“You didn’t have to Chris Brown the bitch!” Sean Baker’s raw, iPhone-shot fable of transgender sex-worker Sin-Dee-Rella’s release from a short (and we assume, routine) prison stay and her search for her cheating pimp/boyfriend is probably the most refreshing look at a community we thought we knew since Martin Scorsese took on urban gangsterism in Mean Streets decades ago. In a truly breakout performance, Kitana Kiki Rodriguez takes full command of the screen as she storms from street corner and club to donut shop and laundromat, supported by a motley supporting cast of characters. The film surprises at every turn, at once funny, sad, desperate and buoyant; it immerses us in a world few have seen and even fewer can appreciate. Despite, or perhaps because of, its short running time and technical limitations, Tangerine is one of 2015’s most accomplished film achievements, destined to outlive most of the shiner, more polished movies released last year.

Steve Schweighofer @banjoonthecrag

My Summer of Love (2004)

BAFTA-winning drama My Summer of Love marks another excellent British venture for Polish film-maker Pawel Pawlikowski (now an Academy Award winner with Ida), set during a West Yorkshire summer. From different backgrounds, Mona (Natalie Press) and Tamsin (Emily Blunt) meet and embark on personal exploration and expression, the girls begin to bond, swigging alcohol, swimming, smoking, secret-sharing – even going to the extent to swear an oath of death should they lose each other. The brief, passionate lesbian relationship that forms is a natural progression for the two girls who are keen to push aside the troubles of their respective lives, and find in each other a seemingly felicitous companionship. Both young actresses Blunt and Press are superb.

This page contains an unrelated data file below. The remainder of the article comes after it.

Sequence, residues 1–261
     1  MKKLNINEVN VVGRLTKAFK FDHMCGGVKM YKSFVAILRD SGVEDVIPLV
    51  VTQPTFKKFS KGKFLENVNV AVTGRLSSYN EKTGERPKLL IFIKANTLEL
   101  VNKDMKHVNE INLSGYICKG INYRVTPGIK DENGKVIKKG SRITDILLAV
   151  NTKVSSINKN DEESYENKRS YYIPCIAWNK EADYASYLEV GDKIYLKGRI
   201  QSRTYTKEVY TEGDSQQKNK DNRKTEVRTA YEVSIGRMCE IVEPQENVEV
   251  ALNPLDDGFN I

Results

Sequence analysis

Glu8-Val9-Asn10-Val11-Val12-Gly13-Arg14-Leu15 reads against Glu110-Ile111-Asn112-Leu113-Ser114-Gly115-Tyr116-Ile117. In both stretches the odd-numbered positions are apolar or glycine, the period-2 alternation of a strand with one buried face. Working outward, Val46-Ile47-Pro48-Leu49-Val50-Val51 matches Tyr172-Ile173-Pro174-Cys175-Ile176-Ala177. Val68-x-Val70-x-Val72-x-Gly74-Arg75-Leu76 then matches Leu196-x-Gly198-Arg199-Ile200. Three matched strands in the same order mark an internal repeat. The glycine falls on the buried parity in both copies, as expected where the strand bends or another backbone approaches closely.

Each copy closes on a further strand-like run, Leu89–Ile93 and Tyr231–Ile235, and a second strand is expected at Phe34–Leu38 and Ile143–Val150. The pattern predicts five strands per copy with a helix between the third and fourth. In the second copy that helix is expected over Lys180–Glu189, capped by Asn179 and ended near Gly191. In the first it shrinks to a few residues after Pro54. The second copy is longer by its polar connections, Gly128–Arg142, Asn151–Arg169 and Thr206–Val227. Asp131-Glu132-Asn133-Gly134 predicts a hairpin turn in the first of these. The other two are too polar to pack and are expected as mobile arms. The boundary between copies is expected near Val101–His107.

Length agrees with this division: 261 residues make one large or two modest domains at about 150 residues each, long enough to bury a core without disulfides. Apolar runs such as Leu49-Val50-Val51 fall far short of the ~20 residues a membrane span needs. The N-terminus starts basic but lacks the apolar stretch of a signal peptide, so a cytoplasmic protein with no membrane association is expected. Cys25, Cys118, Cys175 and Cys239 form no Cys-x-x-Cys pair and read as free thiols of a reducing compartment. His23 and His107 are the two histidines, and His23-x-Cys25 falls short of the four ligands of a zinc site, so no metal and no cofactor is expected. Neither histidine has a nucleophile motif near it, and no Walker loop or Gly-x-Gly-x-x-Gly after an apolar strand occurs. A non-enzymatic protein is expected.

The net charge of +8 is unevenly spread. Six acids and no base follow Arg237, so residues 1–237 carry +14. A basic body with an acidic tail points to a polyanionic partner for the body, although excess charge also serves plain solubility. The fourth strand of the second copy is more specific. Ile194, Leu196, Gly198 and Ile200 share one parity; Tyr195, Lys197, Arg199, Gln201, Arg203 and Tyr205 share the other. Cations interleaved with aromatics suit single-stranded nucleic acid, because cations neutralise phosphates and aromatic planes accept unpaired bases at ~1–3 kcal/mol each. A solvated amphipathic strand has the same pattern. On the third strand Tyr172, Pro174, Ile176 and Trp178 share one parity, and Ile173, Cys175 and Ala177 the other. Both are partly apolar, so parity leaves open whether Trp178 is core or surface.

Robin Write @WriteoutofLA

The Talented Mr Ripley (1999)